Beijing auto show: From battery to hydrogen fuel cell, carmakers explore new paths

Reuters – Updated September 29, 2020
The Beijing auto show, the first major in-person sales event for the industry since the coronavirus pandemic began, kicked off on Saturday.

After being delayed for five months, the 10-day mega motor show signaled that the world’s largest auto market is ready to come back.

“The recovery in the Chinese market has been very remarkable, and our key segments have returned to the previous year’s level if not slightly better,” Nissan Motor CEO Makoto Uchida told a news conference via a video link from Japan.

At this year’s show, new energy vehicles (NEVs) including battery electric vehicles (EVs), plug-in hybrid and hydrogen fuel cell vehicles dominated a larger space at the 200,000-square-meter exhibition hall compared with two years ago.

Standing at the crossroads of the next trend, worldwide carmakers are seeking different technological paths to cater Chinese consumers.

The 16th Beijing International Automotive Exhibition (Auto China 2020) at the China International Exhibition Center. /CFP

Battery performance

Battery performance is always a selling point for carmakers. At this year’s auto show, Geely brought its first electric vehicle DC1E targeting the 700-km-range per charge, while BAIC BJEV debuted its Arcfox Alpha-T which can reach a maximum range of up to 653km. Ford said its new Mustang Mach-E is also capable of driving 680km per charge.

Data shows that the majority of EVs struggled to reach the 200-km-maximum-range per charge in 2017, but the number doubled in 2018. The average range per charge is now over 600km.

Geely Automobile Holdings displays its concept vehicle during a launch event in Beijing, China, September 23, 2020. /CFP

An EV car dealer told CGTN that battery and range have always been major concerns for customers. Therefore, a competitive battery performance will be advantageous for both domestic and oversea automakers.

Battery manufacturers are gearing up to support automakers to improve their competitiveness. In June, China’s CATL, a Tesla TSLA.O supplier, said it is working on a new technology that will allow battery cells to be integrated within an electric car’s chassis, shedding traditional casings that make battery systems bulky.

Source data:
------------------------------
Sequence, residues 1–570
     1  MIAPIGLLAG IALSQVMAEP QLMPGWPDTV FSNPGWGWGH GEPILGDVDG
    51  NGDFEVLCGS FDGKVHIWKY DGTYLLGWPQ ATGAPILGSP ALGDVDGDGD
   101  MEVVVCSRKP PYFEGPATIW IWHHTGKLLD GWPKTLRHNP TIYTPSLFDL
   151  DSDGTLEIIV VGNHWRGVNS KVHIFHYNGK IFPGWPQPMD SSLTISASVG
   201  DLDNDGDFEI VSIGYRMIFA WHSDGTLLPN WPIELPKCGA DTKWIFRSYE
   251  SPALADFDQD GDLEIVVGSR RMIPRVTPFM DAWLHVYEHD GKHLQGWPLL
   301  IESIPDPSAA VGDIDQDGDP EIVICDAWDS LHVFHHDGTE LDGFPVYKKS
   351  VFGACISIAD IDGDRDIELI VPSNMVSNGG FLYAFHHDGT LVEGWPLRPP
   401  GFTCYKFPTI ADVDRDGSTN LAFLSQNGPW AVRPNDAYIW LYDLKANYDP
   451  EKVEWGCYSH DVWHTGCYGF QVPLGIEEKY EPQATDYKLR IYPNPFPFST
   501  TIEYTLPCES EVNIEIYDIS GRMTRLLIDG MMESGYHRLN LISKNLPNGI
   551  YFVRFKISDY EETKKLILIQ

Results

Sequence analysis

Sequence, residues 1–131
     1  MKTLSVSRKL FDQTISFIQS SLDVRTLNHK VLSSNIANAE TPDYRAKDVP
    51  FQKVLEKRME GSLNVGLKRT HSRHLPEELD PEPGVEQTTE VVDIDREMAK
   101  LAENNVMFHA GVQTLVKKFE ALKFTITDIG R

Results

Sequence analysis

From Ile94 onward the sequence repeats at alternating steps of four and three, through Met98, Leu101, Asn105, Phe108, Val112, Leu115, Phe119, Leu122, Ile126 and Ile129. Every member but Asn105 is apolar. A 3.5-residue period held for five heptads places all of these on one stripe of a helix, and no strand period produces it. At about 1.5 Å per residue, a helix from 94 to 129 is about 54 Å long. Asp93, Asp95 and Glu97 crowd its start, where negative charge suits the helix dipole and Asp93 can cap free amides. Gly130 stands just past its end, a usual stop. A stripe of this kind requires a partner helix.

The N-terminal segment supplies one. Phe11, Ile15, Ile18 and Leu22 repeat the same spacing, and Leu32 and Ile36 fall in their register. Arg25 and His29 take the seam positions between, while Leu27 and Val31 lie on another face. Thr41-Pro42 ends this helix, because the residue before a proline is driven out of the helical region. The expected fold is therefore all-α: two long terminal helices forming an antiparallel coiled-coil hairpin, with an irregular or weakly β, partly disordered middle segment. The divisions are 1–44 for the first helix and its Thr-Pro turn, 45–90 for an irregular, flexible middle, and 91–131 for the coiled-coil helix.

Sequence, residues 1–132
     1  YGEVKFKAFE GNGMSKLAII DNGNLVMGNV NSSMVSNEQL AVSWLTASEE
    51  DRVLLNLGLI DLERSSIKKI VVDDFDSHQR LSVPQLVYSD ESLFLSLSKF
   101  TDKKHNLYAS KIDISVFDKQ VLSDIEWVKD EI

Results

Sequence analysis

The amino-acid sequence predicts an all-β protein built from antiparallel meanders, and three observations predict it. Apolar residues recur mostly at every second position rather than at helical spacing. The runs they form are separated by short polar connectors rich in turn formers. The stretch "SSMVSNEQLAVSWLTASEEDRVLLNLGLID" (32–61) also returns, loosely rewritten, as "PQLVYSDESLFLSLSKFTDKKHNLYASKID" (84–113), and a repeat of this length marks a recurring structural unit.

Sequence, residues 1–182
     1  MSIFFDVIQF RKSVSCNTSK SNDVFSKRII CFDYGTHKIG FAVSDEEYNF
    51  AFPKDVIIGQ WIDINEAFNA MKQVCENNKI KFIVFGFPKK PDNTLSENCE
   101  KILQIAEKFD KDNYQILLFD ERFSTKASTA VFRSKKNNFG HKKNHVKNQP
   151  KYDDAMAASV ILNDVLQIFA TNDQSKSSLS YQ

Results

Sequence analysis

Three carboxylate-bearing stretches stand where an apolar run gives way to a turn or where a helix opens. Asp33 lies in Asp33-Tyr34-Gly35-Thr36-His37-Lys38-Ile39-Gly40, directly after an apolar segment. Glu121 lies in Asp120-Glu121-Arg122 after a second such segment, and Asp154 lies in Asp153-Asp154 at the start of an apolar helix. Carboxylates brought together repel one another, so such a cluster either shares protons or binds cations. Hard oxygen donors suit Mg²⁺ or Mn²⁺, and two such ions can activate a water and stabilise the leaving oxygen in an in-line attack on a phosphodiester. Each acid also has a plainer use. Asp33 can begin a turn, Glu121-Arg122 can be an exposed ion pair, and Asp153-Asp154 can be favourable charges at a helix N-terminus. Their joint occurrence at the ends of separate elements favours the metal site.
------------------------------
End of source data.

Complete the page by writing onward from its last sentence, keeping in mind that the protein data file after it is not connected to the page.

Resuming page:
Integrating cells directly into an EV frame will allow more cells to be loaded into a car and extend its range.

With the new technology, EVs could have a driving range of over 800km, CATL Chairman Zeng Yuqun said at an industry conference in Wuhan in August, adding that the company is aiming to launch the technology before 2030.

But blindly pursuing range is bound to come at the expense of the battery life. “One of the reasons that stops consumers buying a new EV is the rapidly declined value caused by short battery lifespan,” Cui Dongshu, secretary general of the Passenger Car Market Information Association, said.

According to the China automotive hedge rate report 2019, except for Tesla, which can keep the rate above 70 percent, all other brands remained at a relatively low level, and the residual value rate of these vehicles after one year’s use is as high as 60 percent.

“Automakers need to improve the per-charge-range while extend the battery life to make EVs more cost-effective than traditional cars,” Cui said.

Toyota exhibits it second generation Mirai. /CFP

Hydrogen fuel cell

Hydrogen fuel cells are another eye-catching technology demonstrated at the show. Toyota exhibited its second generation Mirai which features three hydrogen tanks that enables itself to store up to six kilograms of the condensed gas, translating into a +30 percent range boost.

Shanghai-based SAIC Motor also showcased its MAXUS EUNIQ 7, a newcomer the company claimed as the world’s first high-end hydrogen fuel cell vehicles.

Generating electricity via chemical reactions, hydrogen-powered vehicles have long been considered as one of the cleanest new energy types thanks to their pollution-free nature.

As a major branch for the roadmap of China’s new energy vehicles, the new type has received heavy investment and policy support from the Chinese government and the auto industry.

Last week, a new package of policies detailing supports for hydrogen fuel cell vehicles was rolled out by the country’s finance ministry.

Different from previous policies which offer NEV makers subsidies on sales, the fresh package requires local governments and companies to build a more mature supply chain and business model for the industry.

They need to prove their joint projects are able to lower the price of hydrogen fuel, increase the number of hydrogen-charging stations, enlarge hydrogen fuel cell vehicle fleets and improve related technologies, according to the document.

Compared with over four million pure EV and plug-in hybrid vehicles, China’s hydrogen-powered vehicle market, a fleet of just over 7,000, is relatively small.

Industry analysts believe that the hydrogen fuel cell remains a cutting-edge technology. For the current stage, propulsion systems still need to make a breakthrough.

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